Schools Don’t Support Personal Development, They Distort It

Education and the myth of finite learning

After they get their first job, many people go, “Finally, I can stop reading. I can stop learning.”

In our society, it’s a truism everyone first needs years of schooling before they can start contributing to society. When we’ve reached this performance-phase, we quit learning.

Your diploma was an entry ticket to the real world. It signals that you’re ready to participate. To play with the big boys.

As psychologist Anders Ericsson puts it in Peak:

We only learn until we feel like we’ve hit a “good enough” point. As soon as we feel like we’re good enough (subconsciously or consciously) we stop improving.

When we exit campus (or whatever), we disembark from the ship of personal growth.

When you think about it, that’s strange.

It’s not your fault

In his TedTalk, researcher Eduardo Briceño provides empirical support for Ericsson’s assertion, showing that their entry ticket in hand, having earned the right to, many folks really do stop evolving:

Research shows that after the first couple of years working in a profession, performance usually plateaus. This has been shown to be true in teaching, general medicine, nursing and other fields, and it happens because once we think we have become good enough, adequate, then we stop spending time [learning].”

After going through school, we end up with a pre-packaged set of beliefs about how everything gets done. Following these rules seems to get us paid, and we don’t want to be in uncertainty, so we stick to it.

The way we’ve organized education — around continuous ‘ending points’ such as tests to pass, which cumulate into graduation and then you’re ‘done’ — normalizes the “good enough” attitude Eriksson describes.

We all know someone who’s been at the office for 30 years and claims to have 30 years of experience, but actually has one year repeated 30 times.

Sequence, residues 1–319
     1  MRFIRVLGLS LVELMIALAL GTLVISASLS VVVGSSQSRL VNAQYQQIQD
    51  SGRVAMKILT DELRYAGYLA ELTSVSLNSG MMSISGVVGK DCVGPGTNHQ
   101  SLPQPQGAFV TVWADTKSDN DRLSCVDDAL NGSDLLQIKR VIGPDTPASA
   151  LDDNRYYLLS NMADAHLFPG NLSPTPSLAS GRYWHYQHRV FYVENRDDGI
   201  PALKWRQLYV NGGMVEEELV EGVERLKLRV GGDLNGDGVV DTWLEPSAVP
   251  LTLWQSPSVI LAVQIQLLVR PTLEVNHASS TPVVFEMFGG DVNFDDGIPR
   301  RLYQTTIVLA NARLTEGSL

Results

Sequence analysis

But don’t blame yourself. Blame ‘the system’. (No, really.)

The problem with tests

The larger issue here is how the strict separation of learning and participating is ingrained into how we, on societal level, have set up a division between education and working.

This ‘only-learn-as-necessary’ attitude gets transmitted to us by the system itself because the ‘school-as-entry-ticket’ model makes learning out to have an instrumental function.

These days, if it will not be on the test, we don’t study the chapter. If our job doesn’t require it, we don’t learn the skill.

This is what happens when you make learning about competition, scores, metrics and targets.

When it comes to personal development, tests have a counterproductive effect.

They make studying primarily about checking a box. About reproduction instead of independent thinking. Learning is something annoying but I can be done with this stupid subject forever as soon as I manage to get enough multiple choice questions right.

What the tests do is suggest that there are learning paths you can ‘complete’. After an exam, you have achieved something and then you can stop. After a graduation, you’re done.

A finite game is played for the purpose of winning, an infinite game for the purpose of continuing the play. … Schools are a form of finite game, to the degree that they give ranked awards to those who win degrees from them. Those awards qualify graduates for competition in still higher games, like prestigious colleges, and then professional schools beyond that, with a continuing sequence of higher games in each profession, and so forth. — James Carse, Finite and Infinite Games

What do we learn in school?

While this dichotomy between ‘learning’ and ‘doing what you’ve learned’ is fundamental for the way we organize schools, it doesn’t make any sense.

What is it we really pick up in the classroom?

As a college graduate, your only acquired skill is you have mastered how to reproduce unusable information at a pre-determined time — you can make tests. That’s about it.